ITU150 in June: Innovation and the Digital Dividend
Television is enjoyed by billions of people around the world, but viewers in Africa, the Middle East, Europe, and Central Asia (known as Region 1 at ITU) will soon be able to access a range of new services and programming thanks to the ‘digital switchover’. Bassil Zoubi is a career Engineer who has worked in the broadcast industry for decades and he shares with us why he believes this migration to digital television is important and looks at the wide-ranging impact it can have.
For consumers, the means of watching television (TV) is simple and has remained largely unchanged since the 1950s: push a button and news from around the world, memorable storylines and images of far-flung places are beamed directly to you. Yet behind the scenes, television is a complicated affair. Working as Head of Maintenance Engineer at Jordan Radio and Television Corporation until 1994, I have fond memories of rooms full of canisters of film, the whirring of video tape machines, towering transmitters with complicated wiring, and expansive audio consoles all working to air the programme schedule that was planned weeks before transmission. Yet, television is evolving as we move towards the digital era, and most of the equipment that I used is now obsolete.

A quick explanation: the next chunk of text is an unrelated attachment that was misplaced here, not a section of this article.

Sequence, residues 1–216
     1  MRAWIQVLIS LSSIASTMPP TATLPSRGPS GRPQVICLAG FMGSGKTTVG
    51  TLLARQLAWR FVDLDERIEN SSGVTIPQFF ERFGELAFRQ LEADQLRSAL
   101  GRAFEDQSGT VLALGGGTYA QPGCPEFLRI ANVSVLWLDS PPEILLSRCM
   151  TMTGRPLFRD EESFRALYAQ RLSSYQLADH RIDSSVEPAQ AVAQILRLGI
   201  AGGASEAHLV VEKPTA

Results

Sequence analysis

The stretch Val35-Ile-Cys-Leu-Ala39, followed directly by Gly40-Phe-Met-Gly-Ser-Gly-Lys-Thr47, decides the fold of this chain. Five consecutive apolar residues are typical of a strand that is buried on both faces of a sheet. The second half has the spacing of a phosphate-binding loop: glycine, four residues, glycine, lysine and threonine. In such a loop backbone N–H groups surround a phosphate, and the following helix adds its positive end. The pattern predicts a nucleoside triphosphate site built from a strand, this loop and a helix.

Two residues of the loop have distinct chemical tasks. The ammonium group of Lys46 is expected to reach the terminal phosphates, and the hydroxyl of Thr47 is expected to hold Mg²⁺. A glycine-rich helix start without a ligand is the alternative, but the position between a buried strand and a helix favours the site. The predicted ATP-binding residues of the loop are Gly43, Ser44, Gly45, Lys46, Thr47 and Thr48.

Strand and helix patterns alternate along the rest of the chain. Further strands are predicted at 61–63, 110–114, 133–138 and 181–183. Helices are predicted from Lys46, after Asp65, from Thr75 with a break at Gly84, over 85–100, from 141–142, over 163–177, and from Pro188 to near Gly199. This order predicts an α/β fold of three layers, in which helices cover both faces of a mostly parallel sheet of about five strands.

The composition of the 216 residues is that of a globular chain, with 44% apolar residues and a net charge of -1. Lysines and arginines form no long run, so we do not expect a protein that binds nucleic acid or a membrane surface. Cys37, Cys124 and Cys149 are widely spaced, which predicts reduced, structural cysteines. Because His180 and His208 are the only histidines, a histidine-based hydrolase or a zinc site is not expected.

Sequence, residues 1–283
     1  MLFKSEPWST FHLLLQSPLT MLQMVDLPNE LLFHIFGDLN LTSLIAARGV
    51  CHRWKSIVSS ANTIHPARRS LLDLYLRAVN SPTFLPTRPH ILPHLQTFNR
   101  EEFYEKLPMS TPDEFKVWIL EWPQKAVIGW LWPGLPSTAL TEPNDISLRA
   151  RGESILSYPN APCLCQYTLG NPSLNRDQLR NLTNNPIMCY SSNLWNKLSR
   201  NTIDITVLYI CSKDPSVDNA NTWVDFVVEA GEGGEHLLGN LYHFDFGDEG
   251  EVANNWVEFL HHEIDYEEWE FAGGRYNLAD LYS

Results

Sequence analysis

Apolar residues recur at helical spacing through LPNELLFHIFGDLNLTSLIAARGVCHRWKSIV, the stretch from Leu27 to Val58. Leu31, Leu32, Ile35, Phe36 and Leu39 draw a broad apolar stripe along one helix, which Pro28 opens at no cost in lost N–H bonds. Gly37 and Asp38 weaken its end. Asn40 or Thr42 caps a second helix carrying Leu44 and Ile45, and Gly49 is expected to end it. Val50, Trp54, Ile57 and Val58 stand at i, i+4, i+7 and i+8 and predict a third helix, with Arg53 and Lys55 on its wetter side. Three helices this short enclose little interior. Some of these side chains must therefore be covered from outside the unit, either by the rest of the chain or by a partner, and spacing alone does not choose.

This shift towards digital broadcast means that consumers can enjoy a wider variety of shows on multiple channels with a better quality of broadcast. It also facilitates reduced power and energy consumption, and spectrum efficiency which brings a host of associated benefits for consumers and broadcasters. But this shift from analogue to digital broadcasting also brings its own set of challenges.
Working as Head of the Terrestrial Transmission Department at Arab States Broadcasting Union (ASBU), I help to support the wide array of stakeholders involved, from stations to engineers and end-users, to ensure a smooth transition to digital broadcasting for the Arab region.